This year, it’s predicted that Americans will spend an average of $1,000 on gifts, experiences, and other holiday related expenses. Unfortunately, this holiday season, malicious scammers are hard at work targeting shoppers and givers with a long list of new and improved holiday scams.
Sadly, if you fall for one of them, you could lose more than just money—your personal data and online account information are clearly in the scammers’ sights — putting millions of Americans at risk of identity theft, hacking, and fraud.
Here are a few tips on how to recognize and avoid them while shopping and traveling this Christmas.
Here are six holiday scams to avoid.
1. Lookalike shopping websites
Fraudsters create fake, spoofed, and lookalike websites with too-good-to-be-true deals on popular items to trick victims into sending payment or sharing credit card details and personal information.
How to avoid them:
- You’re less likely to get scammed when shopping on a store’s official website (like Walmart, Best Buy, or Amazon). Stick to known and trusted shopping sites.
- Check URL to ensure you’re on an official site. Look-alike sites may look and feel real, but are often riddled with errors like typos, suspicious URLs, or incorrect customer service phone numbers.
- Fake sites often ask for payment in gift cards, wire transfers, cryptocurrencies, or payment through apps like Zelle, Venmo, and Cash App—that’s a big red flag that you’re dealing with a scam site.
2. Fake social media ads for the holiday’s hottest gifts
According to the Better Business Bureau, nearly 40% of all online shopping scams come from Facebook and Instagram ads. Scammers may use fake accounts and stolen photos to advertise steep discounts on luxury or in-demand goods—but the products either don’t arrive or are cheap knockoffs of what was advertised.
How to recognize:
- If the offer is too-good-to-be-true, it almost always is.
- Don’t blindly trust ads or social media posts. Check the official page that posted the ad to see if it’s legitimate.
- Hover over links on desktop computers to see where they’re taking you before clicking.
3. Spoofed delivery notification texts and emails
Fraudsters often send fake delivery notifications claiming your packages are delayed, require payments, or have other issues that need your attention and will include a link to click to “solve” the issue. If you click it, you’ll be taken to a fake website that will steal your personal and payment information. Last year alone, 34% of Americans received a fake notification about a delivery issue during the holiday season.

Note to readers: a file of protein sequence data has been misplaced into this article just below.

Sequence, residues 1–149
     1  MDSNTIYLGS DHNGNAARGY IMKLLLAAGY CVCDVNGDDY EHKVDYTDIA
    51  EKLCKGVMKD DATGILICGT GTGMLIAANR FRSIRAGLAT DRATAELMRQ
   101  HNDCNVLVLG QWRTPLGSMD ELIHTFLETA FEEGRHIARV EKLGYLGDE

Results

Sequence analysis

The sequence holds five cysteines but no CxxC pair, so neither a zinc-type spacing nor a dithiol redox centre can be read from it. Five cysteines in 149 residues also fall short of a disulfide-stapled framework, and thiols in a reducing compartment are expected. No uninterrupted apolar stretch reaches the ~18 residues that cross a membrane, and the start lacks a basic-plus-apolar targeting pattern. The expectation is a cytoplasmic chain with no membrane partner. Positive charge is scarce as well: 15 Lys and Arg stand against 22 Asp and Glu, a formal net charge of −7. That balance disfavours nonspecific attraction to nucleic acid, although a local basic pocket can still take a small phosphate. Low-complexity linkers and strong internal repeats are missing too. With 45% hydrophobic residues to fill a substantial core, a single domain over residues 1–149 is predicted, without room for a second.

How to avoid fake delivery notifications:
- Block spam text messages on your phone. Most smartphones allow you to block texts from unknown senders.
- Any unsolicited text message or email is a potential phishing attack. Be very careful before clicking on links in them.
- Instead of clicking on links in messages, go to the shipper’s official website and enter your tracking number to see if there’s an issue.
4. Malicious holiday apps
Both Apple and Google’s app stores are filled with free holiday-themed apps where kids can chat with Santa, track his progress from the North Pole, and play Christmas games that may include expensive in-app purchases, excessive advertising, or frequent requests for permissions on your device.
Steps to take:
- Check reviews on holiday apps and try them yourself before giving your kids access. If “free” apps require credit card details or ask for access to your phone’s microphone and camera, you probably want to skip them.
5. Look out for card skimmers that steal credit card information
Credit card skimmers and shimmers are small devices that scammers place over or inside ATMs and card readers to steal your credit card details.
The bottom line:
- Avoid ATMs and card readers in public places that can easily tampered with — such as at gas stations or convenience stores.
6. Porch pirates stealing your targeting holiday deliveries
If your holiday packages are going missing, there isn’t much you can do to get it back unless you have a security camera and proof of the theft.
Here’s how to protect your holiday packages from mail thieves:
- Sign up for USPS informed delivery and similar programs. Most shippers offer some form of “guaranteed” delivery that requires a photo or your signature to release packages.
- Get a secure mailbox or alternate delivery options, such as a nearby secure pickup location.
- If you have video evidence of a package theft, call the local police.